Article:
Convention on Plastic Pollution – Essential Elements: Plastic Waste Trade

As the production of plastics grows exponentially and the use of short-lived plastics proliferates, so too does the amount of plastic waste produced.

With even the wealthiest exporting countries struggling to handle their own domestically generated plastic waste – less than 10 per cent of plastic is recycled – plastic waste has become a defining environmental challenge of our time.

At the same time, the international trade in plastic waste has become a highly contentious issue. Overwhelmed domestically, affluent exporting countries offshore their plastic waste to less wealthy importing countries with inadequate infrastructure to handle it, a move that is cheaper than investing in disposal domestically.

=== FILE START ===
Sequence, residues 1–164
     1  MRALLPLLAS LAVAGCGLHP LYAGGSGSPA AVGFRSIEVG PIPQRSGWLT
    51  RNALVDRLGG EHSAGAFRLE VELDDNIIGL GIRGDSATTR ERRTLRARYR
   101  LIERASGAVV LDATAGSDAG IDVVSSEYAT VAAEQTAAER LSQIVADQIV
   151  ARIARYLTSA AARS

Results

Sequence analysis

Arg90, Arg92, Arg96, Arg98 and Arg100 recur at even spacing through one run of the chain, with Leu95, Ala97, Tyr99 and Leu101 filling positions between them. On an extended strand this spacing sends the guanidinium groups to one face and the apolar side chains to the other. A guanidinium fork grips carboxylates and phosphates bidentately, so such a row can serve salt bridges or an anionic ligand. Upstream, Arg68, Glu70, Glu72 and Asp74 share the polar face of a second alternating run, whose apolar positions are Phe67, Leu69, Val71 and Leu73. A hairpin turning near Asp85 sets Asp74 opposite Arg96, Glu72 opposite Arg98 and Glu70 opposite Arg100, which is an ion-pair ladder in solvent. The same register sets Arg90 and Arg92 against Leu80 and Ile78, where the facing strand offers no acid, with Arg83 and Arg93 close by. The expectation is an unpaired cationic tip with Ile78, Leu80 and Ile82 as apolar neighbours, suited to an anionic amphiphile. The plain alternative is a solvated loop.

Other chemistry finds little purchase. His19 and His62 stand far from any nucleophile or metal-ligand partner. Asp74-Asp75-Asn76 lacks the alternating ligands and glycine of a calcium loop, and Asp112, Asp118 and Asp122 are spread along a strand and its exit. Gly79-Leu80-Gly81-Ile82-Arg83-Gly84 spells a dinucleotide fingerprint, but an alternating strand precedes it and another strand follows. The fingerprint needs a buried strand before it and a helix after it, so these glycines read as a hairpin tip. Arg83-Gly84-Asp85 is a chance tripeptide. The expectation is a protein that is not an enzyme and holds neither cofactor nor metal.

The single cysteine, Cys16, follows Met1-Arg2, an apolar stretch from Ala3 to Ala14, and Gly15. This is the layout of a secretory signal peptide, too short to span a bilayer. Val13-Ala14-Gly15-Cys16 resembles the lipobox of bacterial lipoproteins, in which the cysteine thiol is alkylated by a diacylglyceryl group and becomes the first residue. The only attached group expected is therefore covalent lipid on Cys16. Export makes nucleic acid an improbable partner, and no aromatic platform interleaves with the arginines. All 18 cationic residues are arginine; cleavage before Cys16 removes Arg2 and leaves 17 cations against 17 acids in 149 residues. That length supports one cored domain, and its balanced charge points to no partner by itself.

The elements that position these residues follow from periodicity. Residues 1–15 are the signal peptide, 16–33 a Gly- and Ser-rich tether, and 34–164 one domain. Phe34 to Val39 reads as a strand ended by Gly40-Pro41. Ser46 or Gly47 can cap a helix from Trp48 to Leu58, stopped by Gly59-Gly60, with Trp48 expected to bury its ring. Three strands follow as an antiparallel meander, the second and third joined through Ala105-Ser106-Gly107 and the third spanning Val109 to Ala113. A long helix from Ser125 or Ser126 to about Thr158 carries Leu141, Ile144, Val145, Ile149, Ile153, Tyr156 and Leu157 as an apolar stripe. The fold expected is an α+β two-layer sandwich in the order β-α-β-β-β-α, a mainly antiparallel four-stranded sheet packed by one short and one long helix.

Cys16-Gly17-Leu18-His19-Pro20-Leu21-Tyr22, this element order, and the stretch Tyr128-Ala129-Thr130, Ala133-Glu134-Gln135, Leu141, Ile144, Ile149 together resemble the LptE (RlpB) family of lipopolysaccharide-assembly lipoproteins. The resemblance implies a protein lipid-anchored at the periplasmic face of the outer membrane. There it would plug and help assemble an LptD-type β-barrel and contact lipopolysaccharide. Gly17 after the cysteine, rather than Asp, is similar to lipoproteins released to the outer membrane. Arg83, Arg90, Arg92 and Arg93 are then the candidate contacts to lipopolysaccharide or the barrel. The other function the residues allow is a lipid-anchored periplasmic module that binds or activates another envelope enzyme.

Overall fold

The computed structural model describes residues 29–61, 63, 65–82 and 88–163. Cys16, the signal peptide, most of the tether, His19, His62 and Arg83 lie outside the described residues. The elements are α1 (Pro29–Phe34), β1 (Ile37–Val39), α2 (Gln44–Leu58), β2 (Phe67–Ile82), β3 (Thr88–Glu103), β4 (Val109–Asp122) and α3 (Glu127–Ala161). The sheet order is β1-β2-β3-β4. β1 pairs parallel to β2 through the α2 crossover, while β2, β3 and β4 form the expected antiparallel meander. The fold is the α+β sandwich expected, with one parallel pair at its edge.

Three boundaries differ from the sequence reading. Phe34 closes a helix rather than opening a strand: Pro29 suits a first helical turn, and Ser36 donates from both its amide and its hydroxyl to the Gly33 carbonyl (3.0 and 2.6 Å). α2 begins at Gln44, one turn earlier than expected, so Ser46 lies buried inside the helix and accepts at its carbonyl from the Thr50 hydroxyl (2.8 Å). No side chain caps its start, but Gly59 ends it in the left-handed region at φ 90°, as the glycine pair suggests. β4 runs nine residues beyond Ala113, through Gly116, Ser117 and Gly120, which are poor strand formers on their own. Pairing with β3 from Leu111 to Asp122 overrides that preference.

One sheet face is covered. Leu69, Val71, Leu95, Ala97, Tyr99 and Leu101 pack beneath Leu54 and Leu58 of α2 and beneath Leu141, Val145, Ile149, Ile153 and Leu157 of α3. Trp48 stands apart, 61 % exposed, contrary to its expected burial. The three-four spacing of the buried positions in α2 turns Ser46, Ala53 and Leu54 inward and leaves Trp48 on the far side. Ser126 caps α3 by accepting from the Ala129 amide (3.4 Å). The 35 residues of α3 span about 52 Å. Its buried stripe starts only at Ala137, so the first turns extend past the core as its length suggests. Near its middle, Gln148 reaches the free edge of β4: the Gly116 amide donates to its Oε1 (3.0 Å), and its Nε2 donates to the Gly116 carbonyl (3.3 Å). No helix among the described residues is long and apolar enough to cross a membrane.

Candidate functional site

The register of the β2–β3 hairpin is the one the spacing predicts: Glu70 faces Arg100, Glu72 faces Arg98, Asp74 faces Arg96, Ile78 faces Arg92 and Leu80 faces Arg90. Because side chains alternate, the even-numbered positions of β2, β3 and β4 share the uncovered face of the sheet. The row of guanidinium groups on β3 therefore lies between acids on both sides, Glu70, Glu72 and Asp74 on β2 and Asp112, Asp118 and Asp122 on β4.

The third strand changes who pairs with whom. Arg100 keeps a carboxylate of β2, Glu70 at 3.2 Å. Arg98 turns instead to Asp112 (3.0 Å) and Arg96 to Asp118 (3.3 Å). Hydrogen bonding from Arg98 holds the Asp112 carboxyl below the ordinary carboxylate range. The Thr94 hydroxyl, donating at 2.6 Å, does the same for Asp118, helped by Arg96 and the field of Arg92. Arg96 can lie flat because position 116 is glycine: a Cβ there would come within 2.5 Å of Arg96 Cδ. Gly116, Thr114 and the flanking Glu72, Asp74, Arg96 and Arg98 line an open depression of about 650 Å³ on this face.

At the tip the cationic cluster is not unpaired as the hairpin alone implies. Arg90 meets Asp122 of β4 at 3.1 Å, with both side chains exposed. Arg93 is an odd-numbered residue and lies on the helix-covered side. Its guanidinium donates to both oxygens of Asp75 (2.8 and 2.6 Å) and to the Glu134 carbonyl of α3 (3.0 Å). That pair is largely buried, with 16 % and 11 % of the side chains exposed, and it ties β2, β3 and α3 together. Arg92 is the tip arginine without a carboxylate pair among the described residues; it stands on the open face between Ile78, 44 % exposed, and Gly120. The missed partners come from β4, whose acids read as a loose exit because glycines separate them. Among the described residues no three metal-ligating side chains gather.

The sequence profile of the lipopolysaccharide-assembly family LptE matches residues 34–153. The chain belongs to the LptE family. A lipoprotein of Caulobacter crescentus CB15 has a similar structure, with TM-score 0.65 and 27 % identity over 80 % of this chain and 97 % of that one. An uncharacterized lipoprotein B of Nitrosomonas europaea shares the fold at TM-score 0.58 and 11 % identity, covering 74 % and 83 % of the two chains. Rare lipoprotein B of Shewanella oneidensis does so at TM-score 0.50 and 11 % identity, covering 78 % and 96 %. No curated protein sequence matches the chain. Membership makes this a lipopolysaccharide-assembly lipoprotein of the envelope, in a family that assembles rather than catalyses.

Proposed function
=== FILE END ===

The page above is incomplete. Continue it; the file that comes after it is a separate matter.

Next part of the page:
But this trade simply perpetuates the mismanagement of plastic waste – e.g. incineration, illegal burning and dumping in terrestrial and aquatic environments – with significant environmental and public health impacts. Such trade also displaces recycling capacity in importing countries, undermining the ability of those communities to deal with their own domestically generated waste and further exacerbating the negative impacts. While certain actors in importing countries may reap short-term economic benefits, the long-term consequences to the communities and country as a whole are increasingly evident.